Today the spread of atheism is inexorable, but much slower (in Britain) than Engels expected. It is significant that the churches have a particular hold on people through christenings, weddings and funerals. Birth, love and death were in former times “explained” by the Church. Today this explanation is like the salt which has lost its savour, but no new system of attitudes and rituals has arisen to replace it. This is not surprising. The atomisation and shattering of community (and the education) which result from capitalism forbid the existence of any widely-accepted and consistent view of the world in terms of human values. Hence, the staying- power of Christianity MacIntyre attributes to the lack of any alternative.
The churches are trapped between introversion and assimilation, between escape and dilution. On the one hand there is what MacIntyre calls “enclave Christianity,” which will “provide a retreat from the conditions of urban secular life, and contribute nothing to urban secular life.” The other pole is that Christianity itself becomes secularised. Modern religious leaders, would love a theology of the secular, but all they have is a secular theology.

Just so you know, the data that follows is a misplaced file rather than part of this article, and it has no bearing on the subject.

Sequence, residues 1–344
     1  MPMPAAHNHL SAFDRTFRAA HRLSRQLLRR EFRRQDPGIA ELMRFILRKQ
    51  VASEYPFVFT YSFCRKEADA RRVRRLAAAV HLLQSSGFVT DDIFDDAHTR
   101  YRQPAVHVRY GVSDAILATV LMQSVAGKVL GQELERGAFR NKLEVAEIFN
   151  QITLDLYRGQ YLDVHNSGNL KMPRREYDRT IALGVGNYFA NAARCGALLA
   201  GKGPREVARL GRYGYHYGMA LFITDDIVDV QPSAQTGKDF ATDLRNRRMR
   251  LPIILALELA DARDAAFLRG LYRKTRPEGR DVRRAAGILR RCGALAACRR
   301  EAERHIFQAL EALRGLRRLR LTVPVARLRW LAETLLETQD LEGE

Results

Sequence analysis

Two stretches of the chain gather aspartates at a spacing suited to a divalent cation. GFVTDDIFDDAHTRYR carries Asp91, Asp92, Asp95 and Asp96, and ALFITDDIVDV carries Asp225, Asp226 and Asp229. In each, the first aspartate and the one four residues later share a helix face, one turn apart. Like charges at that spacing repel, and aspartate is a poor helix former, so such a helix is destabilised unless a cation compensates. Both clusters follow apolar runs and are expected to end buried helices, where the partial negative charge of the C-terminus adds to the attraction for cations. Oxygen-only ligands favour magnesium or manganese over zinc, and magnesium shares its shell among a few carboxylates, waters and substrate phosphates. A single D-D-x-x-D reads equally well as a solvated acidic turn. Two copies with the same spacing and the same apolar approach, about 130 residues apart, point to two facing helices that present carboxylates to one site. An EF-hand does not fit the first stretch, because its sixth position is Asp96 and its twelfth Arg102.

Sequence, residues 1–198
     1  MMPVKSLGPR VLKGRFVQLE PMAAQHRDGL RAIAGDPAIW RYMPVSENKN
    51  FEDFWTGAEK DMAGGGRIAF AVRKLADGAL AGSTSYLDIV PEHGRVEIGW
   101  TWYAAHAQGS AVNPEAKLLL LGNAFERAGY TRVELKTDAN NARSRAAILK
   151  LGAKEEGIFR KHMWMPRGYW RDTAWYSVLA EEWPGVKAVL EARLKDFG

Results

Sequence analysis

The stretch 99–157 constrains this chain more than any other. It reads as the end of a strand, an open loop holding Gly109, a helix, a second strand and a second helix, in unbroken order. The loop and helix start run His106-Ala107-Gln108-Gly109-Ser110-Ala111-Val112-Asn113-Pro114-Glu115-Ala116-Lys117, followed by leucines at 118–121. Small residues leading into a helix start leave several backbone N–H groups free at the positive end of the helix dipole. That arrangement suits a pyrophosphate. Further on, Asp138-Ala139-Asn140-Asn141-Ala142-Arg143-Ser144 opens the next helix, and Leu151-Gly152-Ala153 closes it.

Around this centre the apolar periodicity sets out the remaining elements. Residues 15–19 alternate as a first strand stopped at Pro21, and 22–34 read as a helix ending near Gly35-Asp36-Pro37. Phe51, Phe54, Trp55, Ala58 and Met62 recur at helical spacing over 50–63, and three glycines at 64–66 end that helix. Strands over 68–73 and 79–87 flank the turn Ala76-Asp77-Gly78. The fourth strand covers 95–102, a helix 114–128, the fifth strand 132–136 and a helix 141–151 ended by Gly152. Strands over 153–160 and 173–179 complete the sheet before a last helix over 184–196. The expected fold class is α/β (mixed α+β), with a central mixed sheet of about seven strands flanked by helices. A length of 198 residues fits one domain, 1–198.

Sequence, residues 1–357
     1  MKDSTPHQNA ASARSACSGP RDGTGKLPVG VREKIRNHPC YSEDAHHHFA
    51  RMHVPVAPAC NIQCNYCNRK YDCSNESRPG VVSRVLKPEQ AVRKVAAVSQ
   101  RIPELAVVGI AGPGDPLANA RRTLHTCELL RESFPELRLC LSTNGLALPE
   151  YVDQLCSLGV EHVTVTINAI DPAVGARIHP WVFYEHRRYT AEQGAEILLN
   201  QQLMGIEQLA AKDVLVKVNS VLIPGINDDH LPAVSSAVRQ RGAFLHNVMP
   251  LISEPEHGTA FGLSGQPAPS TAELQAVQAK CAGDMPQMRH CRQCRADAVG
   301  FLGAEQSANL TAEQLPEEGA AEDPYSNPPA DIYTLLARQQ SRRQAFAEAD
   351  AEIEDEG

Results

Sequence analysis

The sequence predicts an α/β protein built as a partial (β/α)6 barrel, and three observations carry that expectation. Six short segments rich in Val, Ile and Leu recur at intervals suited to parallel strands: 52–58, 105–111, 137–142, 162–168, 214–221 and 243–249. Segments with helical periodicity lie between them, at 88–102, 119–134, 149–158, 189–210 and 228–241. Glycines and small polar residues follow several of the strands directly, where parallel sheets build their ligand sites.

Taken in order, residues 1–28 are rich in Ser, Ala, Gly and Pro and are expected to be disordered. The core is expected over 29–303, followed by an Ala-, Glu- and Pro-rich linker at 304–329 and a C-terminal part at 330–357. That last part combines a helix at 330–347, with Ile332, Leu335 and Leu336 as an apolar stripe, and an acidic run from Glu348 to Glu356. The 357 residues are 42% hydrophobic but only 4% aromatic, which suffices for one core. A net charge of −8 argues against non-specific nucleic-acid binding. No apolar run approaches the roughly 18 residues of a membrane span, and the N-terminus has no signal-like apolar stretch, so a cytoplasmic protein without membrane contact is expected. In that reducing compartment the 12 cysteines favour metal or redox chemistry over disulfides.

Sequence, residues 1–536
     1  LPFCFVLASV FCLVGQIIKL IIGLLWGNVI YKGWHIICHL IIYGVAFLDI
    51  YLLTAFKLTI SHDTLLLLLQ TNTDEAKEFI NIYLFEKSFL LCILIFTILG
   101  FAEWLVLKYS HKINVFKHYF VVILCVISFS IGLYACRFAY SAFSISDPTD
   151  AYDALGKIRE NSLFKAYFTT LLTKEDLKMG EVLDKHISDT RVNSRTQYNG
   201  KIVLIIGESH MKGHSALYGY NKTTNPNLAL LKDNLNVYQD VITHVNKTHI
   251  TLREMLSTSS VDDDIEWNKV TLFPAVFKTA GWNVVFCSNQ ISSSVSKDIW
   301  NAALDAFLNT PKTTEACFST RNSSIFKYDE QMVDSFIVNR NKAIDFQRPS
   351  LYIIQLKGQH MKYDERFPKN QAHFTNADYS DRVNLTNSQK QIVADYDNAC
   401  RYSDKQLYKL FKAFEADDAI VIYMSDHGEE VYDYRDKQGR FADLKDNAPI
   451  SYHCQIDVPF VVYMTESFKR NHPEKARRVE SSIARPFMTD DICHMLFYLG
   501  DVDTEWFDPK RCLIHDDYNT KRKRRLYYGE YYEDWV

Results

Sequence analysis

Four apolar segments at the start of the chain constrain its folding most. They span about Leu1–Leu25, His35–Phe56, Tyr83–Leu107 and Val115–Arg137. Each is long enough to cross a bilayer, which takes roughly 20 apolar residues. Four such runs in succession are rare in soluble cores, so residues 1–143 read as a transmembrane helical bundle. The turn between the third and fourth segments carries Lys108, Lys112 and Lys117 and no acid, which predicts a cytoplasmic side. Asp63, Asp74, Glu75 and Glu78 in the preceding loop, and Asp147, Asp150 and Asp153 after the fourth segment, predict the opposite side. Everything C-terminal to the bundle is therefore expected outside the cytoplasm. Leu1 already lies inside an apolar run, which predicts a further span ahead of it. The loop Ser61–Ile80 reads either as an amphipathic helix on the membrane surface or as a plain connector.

And MacIntyre makes short work of milk-and-watery Woolwich-type modernism. He points out that it is meaningful to say “Obey the spirit, not the letter of the law” only when there is a letter of the law. It is pointless to advocate a morality in which rules have been replaced by a principle of intent such as “love”, because when denied reference to specific prescribed courses of action, these labels are emptied of meaning. There can be no morality without rules.
MacIntyre argues clearly and rationally, and his analysis is firmly in the Marxist tradition. One grumble: he clings to the myth that there is a modern middle class. A Short History of Ethics is a more comprehensive work: not so much a sketch, more a standard textbook. It gives a fair outline of developments in moral thinking, a clear criticism, plus some very interesting observations on the relationship of morals to social change.